Dwyer and his colleagues set up sensors near the launch tower to see if they could capture high-energy radiation generated by lightning. It didn't take long to get results.
The lightning did indeed produce high-energy radiation, either a powerful burst of X-rays, or possibly a single gamma ray, but the scientists don't know yet which. New sensors are being built to tackle that problem this summer.
Of course, that will still leave the question of why a bolt of lightning should produce these intense, though short-lived, bursts of radiation.
The most likely explanation, Dwyer says, is that contrary to theory, the electric field that accompanies lightning is far more powerful than had been thought. It may be so powerful, in fact, that electrons are accelerated to nearly the speed of light, thus creating high-energy radiation whenever they strike an air molecule.
Whatever the explanation, "there's something going on here that we don't understand, and we obviously need to figure it out," Dwyer says.
Meanwhile, in Arizona, researchers didn't need a rocket to figure out what was going on during their dazzling electrical storms. Two video cameras were put on top of a five-story building on the Tucson campus of the University of Arizona and recorded 386 lighting flashes. The recordings were made during the summer of 1997, but the results have only recently been announced in the Journal of Geophysical Research.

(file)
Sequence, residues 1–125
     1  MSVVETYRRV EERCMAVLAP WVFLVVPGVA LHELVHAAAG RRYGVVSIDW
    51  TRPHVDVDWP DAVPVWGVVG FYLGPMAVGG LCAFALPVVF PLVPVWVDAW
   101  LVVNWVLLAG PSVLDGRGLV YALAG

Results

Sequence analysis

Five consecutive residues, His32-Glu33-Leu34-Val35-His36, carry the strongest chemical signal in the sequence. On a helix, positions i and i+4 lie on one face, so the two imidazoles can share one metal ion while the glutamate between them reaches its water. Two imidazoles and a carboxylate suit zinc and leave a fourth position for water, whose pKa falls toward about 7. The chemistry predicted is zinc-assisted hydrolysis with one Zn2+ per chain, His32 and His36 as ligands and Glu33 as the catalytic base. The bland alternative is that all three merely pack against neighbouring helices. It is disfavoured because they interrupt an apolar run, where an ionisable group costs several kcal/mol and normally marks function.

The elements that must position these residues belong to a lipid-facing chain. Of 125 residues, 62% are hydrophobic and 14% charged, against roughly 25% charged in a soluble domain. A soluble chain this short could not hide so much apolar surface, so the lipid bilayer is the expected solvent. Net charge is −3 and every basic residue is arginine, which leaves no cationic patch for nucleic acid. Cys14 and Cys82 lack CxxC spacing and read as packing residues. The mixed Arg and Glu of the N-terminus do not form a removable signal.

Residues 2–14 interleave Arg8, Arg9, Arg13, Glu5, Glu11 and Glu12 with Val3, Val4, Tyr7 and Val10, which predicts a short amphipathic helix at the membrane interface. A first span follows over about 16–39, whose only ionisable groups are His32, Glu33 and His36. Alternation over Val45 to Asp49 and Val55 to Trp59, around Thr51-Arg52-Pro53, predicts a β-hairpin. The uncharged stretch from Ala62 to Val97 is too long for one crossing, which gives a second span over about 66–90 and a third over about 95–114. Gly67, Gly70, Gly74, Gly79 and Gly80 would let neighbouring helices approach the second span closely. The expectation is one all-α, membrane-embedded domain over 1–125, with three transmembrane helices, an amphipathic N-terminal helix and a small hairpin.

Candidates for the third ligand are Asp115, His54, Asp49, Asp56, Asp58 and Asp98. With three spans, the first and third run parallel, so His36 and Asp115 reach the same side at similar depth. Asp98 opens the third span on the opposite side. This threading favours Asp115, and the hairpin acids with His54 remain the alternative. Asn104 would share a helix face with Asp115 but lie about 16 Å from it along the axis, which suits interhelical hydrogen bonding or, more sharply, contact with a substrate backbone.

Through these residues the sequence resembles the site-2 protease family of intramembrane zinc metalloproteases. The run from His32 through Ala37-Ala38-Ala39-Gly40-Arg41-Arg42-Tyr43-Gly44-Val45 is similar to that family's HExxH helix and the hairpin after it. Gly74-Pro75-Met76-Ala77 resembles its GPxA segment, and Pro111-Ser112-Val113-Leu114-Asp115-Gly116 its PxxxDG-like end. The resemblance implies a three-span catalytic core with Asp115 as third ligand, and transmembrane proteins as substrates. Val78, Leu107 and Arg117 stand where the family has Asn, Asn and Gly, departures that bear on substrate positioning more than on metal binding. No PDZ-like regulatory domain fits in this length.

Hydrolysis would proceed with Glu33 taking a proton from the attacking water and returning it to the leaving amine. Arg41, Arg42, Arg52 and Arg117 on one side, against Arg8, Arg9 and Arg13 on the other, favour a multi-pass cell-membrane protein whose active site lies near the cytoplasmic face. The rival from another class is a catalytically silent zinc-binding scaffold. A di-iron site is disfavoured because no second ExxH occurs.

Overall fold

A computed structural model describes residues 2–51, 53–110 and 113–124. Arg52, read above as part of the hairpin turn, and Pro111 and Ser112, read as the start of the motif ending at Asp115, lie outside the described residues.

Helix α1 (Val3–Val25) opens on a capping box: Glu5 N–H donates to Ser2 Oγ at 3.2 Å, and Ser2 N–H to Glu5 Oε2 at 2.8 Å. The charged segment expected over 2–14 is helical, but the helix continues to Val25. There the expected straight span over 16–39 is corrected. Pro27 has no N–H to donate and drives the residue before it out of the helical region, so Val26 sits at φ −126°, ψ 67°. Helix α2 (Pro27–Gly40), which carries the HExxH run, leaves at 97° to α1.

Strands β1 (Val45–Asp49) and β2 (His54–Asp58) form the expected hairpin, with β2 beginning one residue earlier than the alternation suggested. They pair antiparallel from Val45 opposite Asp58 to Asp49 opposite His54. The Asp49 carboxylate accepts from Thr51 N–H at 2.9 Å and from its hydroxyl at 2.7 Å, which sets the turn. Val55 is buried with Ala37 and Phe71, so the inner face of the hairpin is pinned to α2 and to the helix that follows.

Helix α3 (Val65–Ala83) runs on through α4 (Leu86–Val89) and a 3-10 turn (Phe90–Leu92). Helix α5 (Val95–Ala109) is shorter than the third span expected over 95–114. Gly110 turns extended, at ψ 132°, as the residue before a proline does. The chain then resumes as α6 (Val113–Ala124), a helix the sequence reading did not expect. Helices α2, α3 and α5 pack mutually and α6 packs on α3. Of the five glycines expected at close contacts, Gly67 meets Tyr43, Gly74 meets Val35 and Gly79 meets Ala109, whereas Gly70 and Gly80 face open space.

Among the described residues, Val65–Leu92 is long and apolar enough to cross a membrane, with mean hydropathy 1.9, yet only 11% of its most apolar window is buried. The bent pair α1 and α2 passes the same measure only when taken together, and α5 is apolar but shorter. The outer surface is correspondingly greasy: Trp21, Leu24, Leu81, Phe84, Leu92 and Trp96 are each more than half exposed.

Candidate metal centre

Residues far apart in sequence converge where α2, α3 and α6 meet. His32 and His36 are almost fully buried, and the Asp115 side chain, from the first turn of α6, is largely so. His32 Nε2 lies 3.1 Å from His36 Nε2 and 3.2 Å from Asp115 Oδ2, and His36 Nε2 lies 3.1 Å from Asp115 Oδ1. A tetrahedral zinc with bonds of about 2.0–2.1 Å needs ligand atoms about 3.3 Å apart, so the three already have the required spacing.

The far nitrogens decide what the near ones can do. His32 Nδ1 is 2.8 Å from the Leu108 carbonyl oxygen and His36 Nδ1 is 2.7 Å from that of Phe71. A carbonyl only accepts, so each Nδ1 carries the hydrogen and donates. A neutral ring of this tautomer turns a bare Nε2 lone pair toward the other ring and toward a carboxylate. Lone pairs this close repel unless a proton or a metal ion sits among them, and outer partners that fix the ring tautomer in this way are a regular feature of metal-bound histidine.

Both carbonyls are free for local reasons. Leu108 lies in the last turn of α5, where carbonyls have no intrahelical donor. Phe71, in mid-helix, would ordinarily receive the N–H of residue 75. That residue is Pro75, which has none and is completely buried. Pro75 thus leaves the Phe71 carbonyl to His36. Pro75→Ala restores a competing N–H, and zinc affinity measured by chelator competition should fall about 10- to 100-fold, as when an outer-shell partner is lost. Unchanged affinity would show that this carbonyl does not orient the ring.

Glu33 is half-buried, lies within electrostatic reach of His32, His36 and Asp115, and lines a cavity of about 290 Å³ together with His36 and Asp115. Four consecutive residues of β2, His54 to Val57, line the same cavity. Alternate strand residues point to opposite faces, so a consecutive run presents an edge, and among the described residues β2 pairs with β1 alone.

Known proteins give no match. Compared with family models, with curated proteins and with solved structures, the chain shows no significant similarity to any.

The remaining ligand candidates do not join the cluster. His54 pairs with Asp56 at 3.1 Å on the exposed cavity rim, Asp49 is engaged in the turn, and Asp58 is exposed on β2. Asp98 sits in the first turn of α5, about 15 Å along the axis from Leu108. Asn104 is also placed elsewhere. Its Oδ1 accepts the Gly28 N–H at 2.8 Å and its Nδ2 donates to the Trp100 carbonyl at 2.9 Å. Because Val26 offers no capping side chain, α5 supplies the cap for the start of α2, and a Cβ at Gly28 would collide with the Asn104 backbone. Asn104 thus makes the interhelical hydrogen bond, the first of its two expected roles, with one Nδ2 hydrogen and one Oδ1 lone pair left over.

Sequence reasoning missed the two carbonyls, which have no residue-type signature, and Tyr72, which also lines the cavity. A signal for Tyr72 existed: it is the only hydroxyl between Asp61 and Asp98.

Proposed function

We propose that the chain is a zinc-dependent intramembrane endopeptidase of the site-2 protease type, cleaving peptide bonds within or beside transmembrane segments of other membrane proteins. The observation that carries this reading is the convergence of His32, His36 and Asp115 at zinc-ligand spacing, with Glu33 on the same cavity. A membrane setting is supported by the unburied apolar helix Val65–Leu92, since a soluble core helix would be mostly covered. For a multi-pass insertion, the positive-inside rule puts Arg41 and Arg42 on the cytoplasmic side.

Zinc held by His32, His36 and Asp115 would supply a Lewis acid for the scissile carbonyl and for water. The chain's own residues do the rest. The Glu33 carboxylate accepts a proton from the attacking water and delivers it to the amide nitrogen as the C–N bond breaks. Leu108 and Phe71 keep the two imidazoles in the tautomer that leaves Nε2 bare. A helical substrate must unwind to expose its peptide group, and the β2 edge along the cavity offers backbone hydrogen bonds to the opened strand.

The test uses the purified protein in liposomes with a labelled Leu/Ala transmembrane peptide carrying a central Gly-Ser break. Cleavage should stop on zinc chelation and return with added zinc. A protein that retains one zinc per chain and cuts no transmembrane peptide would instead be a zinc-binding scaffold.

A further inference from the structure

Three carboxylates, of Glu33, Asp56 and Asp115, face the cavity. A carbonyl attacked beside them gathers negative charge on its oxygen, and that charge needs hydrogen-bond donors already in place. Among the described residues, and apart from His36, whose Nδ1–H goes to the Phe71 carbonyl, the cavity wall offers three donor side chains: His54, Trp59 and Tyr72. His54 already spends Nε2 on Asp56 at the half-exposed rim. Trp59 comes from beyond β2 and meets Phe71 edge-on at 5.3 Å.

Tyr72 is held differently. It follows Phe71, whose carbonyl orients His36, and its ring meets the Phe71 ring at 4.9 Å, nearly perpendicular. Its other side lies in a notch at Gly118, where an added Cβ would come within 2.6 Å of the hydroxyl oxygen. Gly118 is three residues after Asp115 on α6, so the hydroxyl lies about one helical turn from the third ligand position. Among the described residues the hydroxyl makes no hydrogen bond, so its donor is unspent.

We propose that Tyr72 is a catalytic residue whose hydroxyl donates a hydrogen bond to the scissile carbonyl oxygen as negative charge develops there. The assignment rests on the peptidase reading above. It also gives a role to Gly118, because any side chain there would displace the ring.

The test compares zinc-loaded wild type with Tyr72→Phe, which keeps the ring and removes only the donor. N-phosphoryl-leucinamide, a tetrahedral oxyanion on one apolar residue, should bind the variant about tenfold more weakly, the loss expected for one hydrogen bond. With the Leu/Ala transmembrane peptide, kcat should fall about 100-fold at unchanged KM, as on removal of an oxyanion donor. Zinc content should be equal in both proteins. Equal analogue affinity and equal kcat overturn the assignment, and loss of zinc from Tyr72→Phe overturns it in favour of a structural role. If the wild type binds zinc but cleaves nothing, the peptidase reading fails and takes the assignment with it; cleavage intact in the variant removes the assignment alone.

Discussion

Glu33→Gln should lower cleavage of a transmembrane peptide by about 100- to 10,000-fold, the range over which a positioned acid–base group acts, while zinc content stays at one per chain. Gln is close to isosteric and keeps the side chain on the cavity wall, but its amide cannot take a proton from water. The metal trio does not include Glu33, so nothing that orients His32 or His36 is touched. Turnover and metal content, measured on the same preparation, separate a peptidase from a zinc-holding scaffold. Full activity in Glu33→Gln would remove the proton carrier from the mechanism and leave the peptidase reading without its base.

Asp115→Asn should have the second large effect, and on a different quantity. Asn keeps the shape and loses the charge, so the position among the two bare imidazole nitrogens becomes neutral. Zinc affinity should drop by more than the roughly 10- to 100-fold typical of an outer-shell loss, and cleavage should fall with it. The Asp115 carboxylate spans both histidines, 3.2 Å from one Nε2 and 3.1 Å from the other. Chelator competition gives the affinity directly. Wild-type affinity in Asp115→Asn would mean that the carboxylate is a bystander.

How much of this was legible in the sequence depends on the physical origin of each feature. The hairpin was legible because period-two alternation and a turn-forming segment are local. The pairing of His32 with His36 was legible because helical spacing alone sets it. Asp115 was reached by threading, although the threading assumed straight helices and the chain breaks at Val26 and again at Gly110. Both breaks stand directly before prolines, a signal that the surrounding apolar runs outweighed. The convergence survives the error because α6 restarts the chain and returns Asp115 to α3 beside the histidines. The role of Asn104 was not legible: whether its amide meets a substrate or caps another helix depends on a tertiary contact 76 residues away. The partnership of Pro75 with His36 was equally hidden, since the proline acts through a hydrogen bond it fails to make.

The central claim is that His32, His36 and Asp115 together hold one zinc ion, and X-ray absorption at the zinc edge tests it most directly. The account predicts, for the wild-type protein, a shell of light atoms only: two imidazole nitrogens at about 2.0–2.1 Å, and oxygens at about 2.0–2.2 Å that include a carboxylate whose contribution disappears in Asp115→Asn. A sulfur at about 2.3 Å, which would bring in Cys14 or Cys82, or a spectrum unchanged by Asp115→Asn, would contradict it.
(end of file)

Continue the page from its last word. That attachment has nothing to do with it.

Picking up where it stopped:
By analyzing the tapes, the scientists found that 136 of the 386 thunderbolts, or 35 percent, struck in two or more places.
Krider and Valine figure that means someone on the ground has a lot better chance of getting struck by lightning because one bolt can get him or her in two, or even more, locations.
Experts had thought that if you were two to three miles away from a previous flash, you were probably safe. But that has been changed to six to eight miles because the research shows lightning can strike twice, thus widening the danger zone.
It might seem odd that it's taken so long to figure that out, but as Dwyer says, lightning happens so quickly that "it's all over in a flash."
At this point, it's not entirely clear where his research is leading. It's basic research, and in the end there may not be any practical applications. The X-rays, or gamma rays, that his sensors have detected aren't what will kill you if you get hit by lighting. They're over in a few milliseconds, so compared to the enormous electric charge and intense heat carried by lightning, they may prove insignificant.
But maybe not.
"There's a lot of fundamental science questions that we are trying to answer here," he says. "Maybe some day there will be some applications that come out of it."
At the least, the research should enhance our understanding of one of the most dramatic events in nature.
Lee Dye’s column appears weekly on ABCNEWS.com. A former science writer for the Los Angeles Times, he now lives in Juneau, Alaska.